Dana Katherine Scully is one of the most popular and relevant television characters ever created. Portrayed by Gillian Anderson, Agent Scully was a medical doctor, an FBI agent, a Catholic, and a skeptic. She was smart, funny, and strong. She went on monster hunts, discussed scientific theories, performed autopsies, questioned her faith, and opened herself up to the possibilities even though she was afraid to believe.
Inspirational and empowering, simply put, Dana Scully is a pop culture icon. And over the course of eleven seasons, she's had some pretty iconic lines. Honorable mentions are plentiful, from the sleeping bags to the lightsaber to Silent Night, but here are our top 10 Dana Scully lines.
It’s no secret that Darin Morgan wrote some of the best X-Files episodes, including the season three fan-favorite “War of Coprophages.” While Mulder is out in the field with an attractive bug expert named Bambi – yes, her name is Bambi – Scully is trying to get some rest at home. But when it appears that cockroaches are mortally attacking people, Mulder calls Scully to ask for advice. Unsurprised by his suggestion, but wanting to make sure he knows just how ludicrous it is, Scully replies:
"I’m not gonna ask you if you just said what I think you just said because I know it’s what you just said."
It’s yet another one of those perfect Scully and Mulder exchanges that encapsulates what they’re all about. Plus, it can come in handy in a real-life conversation. Ohh, and honorable mention for his episode goes to "her name is Bambi".
The season one mythology episode titled “E.B.E.” marked the first appearance of the conspiracy-nut trio known as The Lone Gunman, which is reason enough to make it one of our favorite mythology episodes, but there's more. When Mulder and Scully get mixed up in a misinformation campaign orchestrated by the government, Mulder is quick to believe his trusted source Deep Throat. As expected, Scully is skeptical of their mysterious benefactor, especially when the UFO photo he provided them appears to be doctored. In her great wisdom, Scully reminds Mulder that:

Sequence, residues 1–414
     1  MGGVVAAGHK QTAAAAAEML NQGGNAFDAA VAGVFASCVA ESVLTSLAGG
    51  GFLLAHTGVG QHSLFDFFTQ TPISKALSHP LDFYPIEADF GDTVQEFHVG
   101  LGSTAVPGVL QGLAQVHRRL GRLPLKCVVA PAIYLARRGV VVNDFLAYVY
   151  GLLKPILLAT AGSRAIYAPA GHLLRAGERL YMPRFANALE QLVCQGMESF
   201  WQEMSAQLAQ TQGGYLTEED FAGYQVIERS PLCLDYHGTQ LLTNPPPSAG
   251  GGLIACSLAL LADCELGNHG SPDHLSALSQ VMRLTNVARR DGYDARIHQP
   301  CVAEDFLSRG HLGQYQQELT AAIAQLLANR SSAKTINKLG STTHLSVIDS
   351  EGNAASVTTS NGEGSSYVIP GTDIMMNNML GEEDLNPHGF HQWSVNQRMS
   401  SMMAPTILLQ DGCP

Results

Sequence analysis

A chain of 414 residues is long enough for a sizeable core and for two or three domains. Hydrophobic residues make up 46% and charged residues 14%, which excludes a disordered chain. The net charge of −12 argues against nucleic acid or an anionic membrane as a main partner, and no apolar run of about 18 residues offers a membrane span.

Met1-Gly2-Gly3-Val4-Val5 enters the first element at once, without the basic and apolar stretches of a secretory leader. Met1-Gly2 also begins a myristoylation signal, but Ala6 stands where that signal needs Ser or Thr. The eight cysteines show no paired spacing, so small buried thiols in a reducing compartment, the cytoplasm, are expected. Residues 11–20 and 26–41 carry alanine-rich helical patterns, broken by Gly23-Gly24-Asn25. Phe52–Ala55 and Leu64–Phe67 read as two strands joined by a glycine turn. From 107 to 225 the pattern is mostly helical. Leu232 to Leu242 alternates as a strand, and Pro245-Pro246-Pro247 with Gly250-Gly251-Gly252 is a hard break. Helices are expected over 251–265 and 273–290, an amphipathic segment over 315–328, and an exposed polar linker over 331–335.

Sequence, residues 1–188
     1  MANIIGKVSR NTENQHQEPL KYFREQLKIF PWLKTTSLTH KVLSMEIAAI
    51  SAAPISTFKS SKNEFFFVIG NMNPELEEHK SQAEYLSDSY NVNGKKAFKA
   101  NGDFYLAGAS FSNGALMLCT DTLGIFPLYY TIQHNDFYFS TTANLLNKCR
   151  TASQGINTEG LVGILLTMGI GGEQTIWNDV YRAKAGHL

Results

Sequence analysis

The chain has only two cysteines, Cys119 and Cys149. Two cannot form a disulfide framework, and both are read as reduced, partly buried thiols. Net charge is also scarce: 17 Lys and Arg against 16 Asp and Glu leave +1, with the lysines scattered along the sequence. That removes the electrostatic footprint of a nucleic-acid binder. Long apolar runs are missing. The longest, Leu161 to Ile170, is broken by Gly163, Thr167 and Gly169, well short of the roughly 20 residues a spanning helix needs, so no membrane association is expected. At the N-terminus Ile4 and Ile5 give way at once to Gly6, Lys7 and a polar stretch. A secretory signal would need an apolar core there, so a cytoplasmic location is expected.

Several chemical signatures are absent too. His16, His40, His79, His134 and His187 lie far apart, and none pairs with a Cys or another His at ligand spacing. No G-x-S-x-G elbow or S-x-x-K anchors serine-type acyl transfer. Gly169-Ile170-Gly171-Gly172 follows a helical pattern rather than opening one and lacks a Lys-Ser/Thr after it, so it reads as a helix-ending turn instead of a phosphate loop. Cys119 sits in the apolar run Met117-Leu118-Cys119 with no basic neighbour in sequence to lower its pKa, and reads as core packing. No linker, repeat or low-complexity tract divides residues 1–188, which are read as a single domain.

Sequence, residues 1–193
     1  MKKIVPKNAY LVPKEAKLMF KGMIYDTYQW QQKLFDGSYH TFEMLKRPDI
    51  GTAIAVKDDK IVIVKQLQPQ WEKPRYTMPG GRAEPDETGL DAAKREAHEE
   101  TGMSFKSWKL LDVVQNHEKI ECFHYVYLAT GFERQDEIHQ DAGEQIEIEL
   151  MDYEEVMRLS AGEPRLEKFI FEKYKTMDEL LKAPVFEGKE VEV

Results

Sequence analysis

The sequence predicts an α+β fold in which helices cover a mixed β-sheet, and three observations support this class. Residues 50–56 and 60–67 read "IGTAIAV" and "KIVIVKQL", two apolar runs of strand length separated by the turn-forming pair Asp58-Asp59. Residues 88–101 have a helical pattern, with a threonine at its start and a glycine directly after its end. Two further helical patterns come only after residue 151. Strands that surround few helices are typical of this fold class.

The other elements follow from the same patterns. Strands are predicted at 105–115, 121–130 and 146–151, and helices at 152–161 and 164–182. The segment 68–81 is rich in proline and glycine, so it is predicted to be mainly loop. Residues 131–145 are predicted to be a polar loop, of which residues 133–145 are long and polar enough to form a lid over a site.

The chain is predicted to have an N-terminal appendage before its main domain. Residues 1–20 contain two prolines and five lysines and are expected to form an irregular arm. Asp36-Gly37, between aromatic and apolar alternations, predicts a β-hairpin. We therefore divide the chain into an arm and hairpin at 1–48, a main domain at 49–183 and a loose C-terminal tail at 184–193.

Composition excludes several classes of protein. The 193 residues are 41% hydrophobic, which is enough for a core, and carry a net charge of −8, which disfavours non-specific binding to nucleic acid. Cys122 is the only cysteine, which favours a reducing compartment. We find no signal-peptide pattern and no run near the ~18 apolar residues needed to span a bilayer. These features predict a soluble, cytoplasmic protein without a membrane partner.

"The truth is out there, but so are lies."
It's a simple enough line, but nonetheless incredibly powerful and relevant. It was true back in the conspiracy era of the 1990s and it's true in this crazy world we live in today.
“Triangle” follows Mulder as he boards Queen Anne – a ship that resurfaced after having disappeared in the Bermuda Triangle – and ends up traveling back in time to 1939. There he encounters familiar faces, including Spender, Cigarette Smoking Man, and Scully – only they’re not exactly themselves, of course. Meanwhile, The Lone Gunman alert Scully of Mulder’s disappearance and she rushes through the J. Edgar Hoover Building in search of someone who can help her save her reckless partner. She ends up storming into the basement office, yelling this precious line at Spender: